3 Pro Tips for Powerful B2B Personalization
Image source: Adobe Stock / metamorworks.
by Nicolas Wu
posted on 03-08-2019
As head of personalization for global B2B solutions provider SAP, James Skay leads, develops, and implements the SAP.com personalization strategy, ensuring it aligns with the company’s enterprise marketing efforts to deliver the intelligent enterprise. Website personalization is one tactic within SAP marketing’s goal to develop a multi-channel experience that effortlessly surfaces relevant information, providing a frictionless and enjoyable experience for the visitor.
James recently shared his perspective on best practices for business-to-business (B2B) personalization.
B2B personalization is an art form
To fully understand SAP’s approach to personalization, we should start in 2014 when SAP started its modern personalization efforts. Back then, James said they were confident that rules-based targeting would build a solid foundation, especially since at that time AI and machine-learning-driven personalization was still in its early days. They could use what they knew about their customers to deliver highly relevant experiences — particularly with their long-term enterprise customers that they knew well, they wanted to deliver a high-touch, curated experience. Rules-based targeting made sense.
But how do you deliver that experience when the visitor is unauthenticated — or anonymous? “With rules-based personalization, the key is to interpret the visitor’s behavioral signals and use all the data you have about them and their company to determine what’s important. Then add a dash of gut feel on top of that,” James said. SAP does this by enriching the visitor’s profile with first- and third-party data, allowing marketers a myriad of options to approach anonymous visitors.
And unlike business-to-consumer (B2C) personalization, B2B personalization is not focused on an individual. “In B2B, you have to have a holistic view of the business the visitor is from, and what that business needs. How do you do that given all the different people at a company that may have tens of thousands of employees? Accommodating those variations and crafting journey consistency is the art of personalization in B2B,” James said.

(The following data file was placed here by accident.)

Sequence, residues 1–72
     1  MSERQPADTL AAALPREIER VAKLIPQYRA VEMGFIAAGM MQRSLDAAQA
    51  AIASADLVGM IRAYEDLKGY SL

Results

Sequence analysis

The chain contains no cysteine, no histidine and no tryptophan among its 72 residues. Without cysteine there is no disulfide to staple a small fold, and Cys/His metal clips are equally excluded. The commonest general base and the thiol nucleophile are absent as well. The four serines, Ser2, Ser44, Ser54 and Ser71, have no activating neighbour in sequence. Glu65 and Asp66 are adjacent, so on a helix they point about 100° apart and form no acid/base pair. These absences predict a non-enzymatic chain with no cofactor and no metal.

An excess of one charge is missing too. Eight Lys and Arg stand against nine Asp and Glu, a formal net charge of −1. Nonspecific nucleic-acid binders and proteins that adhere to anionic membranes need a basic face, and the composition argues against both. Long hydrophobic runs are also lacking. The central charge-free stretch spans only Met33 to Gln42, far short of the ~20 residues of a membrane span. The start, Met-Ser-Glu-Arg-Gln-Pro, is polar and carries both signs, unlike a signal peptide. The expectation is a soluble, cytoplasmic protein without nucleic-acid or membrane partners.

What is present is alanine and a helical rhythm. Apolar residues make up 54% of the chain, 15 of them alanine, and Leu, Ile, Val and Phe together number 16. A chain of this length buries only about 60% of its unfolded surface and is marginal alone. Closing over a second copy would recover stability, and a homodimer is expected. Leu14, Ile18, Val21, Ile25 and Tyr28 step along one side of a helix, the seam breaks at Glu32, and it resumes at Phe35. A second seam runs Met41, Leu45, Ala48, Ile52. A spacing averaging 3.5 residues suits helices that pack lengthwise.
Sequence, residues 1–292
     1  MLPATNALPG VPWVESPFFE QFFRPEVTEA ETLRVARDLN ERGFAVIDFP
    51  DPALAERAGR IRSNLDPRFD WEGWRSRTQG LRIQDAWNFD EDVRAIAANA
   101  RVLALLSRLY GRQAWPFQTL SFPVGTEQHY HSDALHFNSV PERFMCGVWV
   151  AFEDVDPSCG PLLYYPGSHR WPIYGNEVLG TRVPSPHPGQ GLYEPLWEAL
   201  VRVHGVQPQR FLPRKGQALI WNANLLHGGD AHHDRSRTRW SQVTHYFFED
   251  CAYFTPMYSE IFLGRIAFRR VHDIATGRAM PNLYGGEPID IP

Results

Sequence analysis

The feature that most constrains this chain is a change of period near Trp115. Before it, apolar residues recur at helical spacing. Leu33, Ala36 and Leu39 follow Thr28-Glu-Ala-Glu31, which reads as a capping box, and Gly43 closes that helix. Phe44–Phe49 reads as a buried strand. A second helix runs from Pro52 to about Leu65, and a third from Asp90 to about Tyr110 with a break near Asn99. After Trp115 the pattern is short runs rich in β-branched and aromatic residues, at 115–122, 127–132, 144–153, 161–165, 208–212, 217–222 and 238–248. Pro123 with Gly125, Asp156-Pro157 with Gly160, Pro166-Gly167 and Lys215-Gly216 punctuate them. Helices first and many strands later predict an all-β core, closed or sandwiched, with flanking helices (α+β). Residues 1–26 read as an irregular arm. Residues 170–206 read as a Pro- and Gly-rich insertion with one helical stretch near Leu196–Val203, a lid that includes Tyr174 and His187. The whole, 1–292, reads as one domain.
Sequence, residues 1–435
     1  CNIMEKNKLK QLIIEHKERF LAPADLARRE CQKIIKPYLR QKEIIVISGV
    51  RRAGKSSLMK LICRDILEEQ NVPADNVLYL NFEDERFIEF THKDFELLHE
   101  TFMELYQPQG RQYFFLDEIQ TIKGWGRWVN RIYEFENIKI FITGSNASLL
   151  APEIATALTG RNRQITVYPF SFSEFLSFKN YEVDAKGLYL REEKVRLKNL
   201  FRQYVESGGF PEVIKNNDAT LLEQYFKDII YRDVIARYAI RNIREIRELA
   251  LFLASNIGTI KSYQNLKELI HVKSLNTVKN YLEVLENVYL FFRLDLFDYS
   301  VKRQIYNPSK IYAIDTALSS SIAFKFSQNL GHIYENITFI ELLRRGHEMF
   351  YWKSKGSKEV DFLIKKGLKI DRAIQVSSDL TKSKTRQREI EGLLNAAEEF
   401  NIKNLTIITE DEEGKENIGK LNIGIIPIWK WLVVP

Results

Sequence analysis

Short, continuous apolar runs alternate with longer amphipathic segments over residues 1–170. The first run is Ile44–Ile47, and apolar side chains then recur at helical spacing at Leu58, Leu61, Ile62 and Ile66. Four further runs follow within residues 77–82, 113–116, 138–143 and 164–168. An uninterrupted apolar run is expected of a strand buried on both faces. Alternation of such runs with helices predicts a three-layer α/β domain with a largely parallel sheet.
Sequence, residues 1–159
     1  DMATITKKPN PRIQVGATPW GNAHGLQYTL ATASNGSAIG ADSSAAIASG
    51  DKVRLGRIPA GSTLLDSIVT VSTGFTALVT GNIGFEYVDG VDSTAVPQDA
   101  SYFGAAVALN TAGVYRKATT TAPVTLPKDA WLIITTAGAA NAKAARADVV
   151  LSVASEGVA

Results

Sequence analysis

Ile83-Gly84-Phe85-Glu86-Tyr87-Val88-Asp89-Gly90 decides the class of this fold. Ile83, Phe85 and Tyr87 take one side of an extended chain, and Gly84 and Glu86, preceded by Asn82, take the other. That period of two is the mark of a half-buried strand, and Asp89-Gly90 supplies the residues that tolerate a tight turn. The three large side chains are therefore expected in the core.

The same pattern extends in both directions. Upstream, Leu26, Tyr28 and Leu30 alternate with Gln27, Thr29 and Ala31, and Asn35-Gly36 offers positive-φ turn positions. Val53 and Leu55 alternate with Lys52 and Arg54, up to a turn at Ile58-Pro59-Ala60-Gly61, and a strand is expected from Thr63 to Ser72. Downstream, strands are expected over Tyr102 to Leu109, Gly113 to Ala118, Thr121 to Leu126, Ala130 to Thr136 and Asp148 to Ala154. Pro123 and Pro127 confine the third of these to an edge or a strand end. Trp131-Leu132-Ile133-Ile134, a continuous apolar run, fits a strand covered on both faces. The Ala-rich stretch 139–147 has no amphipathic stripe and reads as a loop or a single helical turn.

At Adobe Summit this past year, James presented a large-scale, multi-year program that personalized SAP.com for a large enterprise customer. The program consisted of personalizing the SAP.com homepage, creating a tailor-made landing page with three product options, and, in a later optimization, crafting a highly curated page to meet the various needs of this large company. They saw a triple-digit percent lift in click-through rate from the homepage, and a 5 percent lift in engagement with the curated landing page.
Three best practices for B2B personalization
In his role, James has expanded the use of personalization by type, site, region, and user. Along the way he’s found these lessons to be important to the success of B2B personalization:
Best Practice 1: Consider your percentages
“Everyone wants to be data-driven. But it’s more than being data-driven and using raw numbers to justify approaches — it’s all about the percentages,” James said. In other words, when determining what audiences to target with personalized experiences, consider what percentage of the visitors you are targeting out of your entire visitor audience is of high value.
“It’s one thing to have 2 million contacts, but if you’re only going to include 500,000 of them in your personalization activity, you’re starting with 25 percent of that original 2 million,” James said. “Then, if you’re personalizing to a segment of visitors who return to a specific page and exhibit a specific behavior, of that 25 percent you may have only 10 percent left. And of that 10 percent, what percent is high value? What can we do to improve the experience for them?”